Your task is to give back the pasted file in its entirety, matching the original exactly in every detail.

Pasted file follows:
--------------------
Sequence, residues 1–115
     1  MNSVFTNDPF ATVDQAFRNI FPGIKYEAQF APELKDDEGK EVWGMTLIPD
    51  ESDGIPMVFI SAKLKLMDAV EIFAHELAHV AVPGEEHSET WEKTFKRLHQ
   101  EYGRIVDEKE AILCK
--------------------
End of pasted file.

Sequence, residues 1–115
     1  MNSVFTNDPF ATVDQAFRNI FPGIKYEAQF APELKDDEGK EVWGMTLIPD
    51  ESDGIPMVFI SAKLKLMDAV EIFAHELAHV AVPGEEHSET WEKTFKRLHQ
   101  EYGRIVDEKE AILCK